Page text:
Decreased political power is a boat with a big hole in it, rudderless, with a stalling engine and a navigator that cannot read a compass. For 44 years, the Atlanta black political elite have benefited from enjoying a political largess that is increasingly scarce. Rather than dominance, the political elite appears willing to settle on being the minority pivotal vote. Will the Atlanta black political establishment fare well at its future deal maker role and will new pluralities in the future be willing to pay the bribe?

 

Casey Cagle and entertainment politics

Casey Cagle is tired of attacks on conservatism and wants to make Delta Air Lines the whipping boy for a brand of conservatism that quite frankly does nothing for the masses of Georgians that expect their government to provide an environment that fosters economic growth and public safety. Mr Cagle, who announced earlier this week that he would hamper the shepherding of a bill that would reintroduce a policy of preferential tax treatment for the world’s largest airline, is practicing what I call “entertainment politics.”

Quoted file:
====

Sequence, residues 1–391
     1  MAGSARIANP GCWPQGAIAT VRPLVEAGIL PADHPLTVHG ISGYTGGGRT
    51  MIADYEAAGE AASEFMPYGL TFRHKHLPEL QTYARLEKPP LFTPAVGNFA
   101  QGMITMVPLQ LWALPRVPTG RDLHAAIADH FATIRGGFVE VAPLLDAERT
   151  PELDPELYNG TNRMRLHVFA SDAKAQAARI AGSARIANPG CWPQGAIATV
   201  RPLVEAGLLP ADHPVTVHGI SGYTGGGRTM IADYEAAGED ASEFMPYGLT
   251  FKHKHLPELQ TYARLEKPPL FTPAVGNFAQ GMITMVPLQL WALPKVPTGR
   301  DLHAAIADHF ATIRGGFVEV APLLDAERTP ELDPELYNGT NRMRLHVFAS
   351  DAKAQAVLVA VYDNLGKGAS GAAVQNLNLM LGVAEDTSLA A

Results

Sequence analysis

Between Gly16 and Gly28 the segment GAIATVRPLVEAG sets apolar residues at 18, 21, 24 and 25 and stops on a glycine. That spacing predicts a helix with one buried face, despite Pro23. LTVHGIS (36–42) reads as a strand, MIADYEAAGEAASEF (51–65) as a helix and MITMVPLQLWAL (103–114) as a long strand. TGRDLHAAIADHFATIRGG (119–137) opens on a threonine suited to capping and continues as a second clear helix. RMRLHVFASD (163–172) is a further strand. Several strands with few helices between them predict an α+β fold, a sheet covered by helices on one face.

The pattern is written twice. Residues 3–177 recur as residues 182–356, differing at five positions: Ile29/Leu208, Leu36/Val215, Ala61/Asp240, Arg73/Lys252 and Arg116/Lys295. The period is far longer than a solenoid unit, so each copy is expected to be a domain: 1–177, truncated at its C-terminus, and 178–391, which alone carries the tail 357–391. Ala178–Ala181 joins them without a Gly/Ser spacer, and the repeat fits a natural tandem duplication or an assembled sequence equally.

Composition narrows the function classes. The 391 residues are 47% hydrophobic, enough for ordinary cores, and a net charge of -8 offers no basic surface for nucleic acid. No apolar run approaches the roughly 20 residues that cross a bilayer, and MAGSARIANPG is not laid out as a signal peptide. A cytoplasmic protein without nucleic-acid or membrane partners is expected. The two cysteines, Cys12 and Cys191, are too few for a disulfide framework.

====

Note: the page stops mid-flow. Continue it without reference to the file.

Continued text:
Whereas “real politics” applies the various rules of persuasion for moving resources from one group to another group, entertainment politics speaks purely to the emotions of the policy maker and the policy maker’s constituents. In Mr Casey’s case, he did not take too kindly Delta Air Lines’ decision to discontinue a discount issued to members of the National Rifle Association for travel to their national convention. Delta, after being called out as a sponsor of the NRA in the wake of the recent shooting at a Florida high school, decided to quickly dampen any more negative publicity by putting the discount and its association with the NRA on ice. This move got Mr Casey and other conservatives all up in their feelings.

Given that Mr Casey, Georgia’s lieutenant governor since 2007, has thrown his hat in the ring for the governorship, this bold move may be just a play to seal the votes from the social conservative wing of the party. It is bold for five reasons.

First, Mr Cagle put himself way out there. He can’t take back his threat against Delta. Should he win the governorship, he will have to follow through. Delta will face a similar dilemma. To go back on its stance will create bad optics.

Second, whoever wins the Democratic nomination will most likely not get a significant amount of the conservative, gun lobby vote anyway. Mr Cagle did not need to take this action in order to protect his voting bloc from a left wing attack.